- Massage Therapist and Material Requirement Planning (MRP) Planner/Buyer
- Family history of breast cancer
I wasn’t a sick person. I hated going to the doctor and filling out all the paperwork. But, I knew the importance of getting a mammogram. I was pretty faithful in getting them every year after I turned 40.
In 2009, I had heard that Rhonda Brake Shreiner Women’s Center didn’t require you to see your doctor before you could get your mammogram. So, you didn’t have to do more paperwork! That sounded good to me. You could just schedule your mammogram, make your own appointment and go in (as long as your insurance was okay with that too.)
Unfortunately, I couldn’t avoid the paperwork. That mammogram showed a lump that looked suspicious, so they called me and told me I needed an ultrasound. That would require me to go visit my doctor first.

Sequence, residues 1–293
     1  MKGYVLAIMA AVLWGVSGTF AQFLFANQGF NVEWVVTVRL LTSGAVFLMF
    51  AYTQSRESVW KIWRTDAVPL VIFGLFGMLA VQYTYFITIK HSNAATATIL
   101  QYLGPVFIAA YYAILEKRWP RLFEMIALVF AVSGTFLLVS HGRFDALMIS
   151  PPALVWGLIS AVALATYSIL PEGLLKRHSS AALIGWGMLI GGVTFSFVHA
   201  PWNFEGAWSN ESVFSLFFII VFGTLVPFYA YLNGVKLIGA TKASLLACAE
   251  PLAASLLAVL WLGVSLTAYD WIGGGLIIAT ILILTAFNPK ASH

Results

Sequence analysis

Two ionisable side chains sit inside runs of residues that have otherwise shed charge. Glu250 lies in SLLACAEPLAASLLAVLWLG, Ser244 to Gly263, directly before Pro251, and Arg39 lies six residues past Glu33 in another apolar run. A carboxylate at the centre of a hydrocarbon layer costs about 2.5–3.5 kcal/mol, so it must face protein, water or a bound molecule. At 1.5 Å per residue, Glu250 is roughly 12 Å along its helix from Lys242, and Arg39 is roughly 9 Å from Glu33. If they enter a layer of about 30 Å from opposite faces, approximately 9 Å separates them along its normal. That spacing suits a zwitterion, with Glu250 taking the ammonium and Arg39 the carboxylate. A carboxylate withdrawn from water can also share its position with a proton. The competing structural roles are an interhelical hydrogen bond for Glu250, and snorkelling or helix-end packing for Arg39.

I knew something wasn’t right – I just knew it. They performed the ultrasound and took a sample of tissue, and it was cancer.
For me, when I found out I had breast cancer, I needed to take some time with it. Everyone is different. I needed to pick my care team, but I just couldn’t do it right away. I needed a few days to digest this big, life-altering news. Laura Umbrell, the breast health patient navigator at Rhonda Brake Shreiner Women’s Center talked to me encouraged me to confront the situation. She said, ‘Linda, you can’t not do anything. Let’s start to fight this.’
Do you have advice for other women?
Mammograms save lives. Had I not gotten my mammogram, I might not be here today.
Women need to educate themselves. I know. Trust me. Until you are diagnosed with breast cancer, you don’t really pay attention to the stuff you see out there. But, you need to start paying attention and learning. It could save your life.
You also need to put all the excuses away and just do it. Some people talk about mammograms being painful. It might cause some discomfort for some, and none at all for others – but it only lasts a minute. What’s a minute in exchange for years?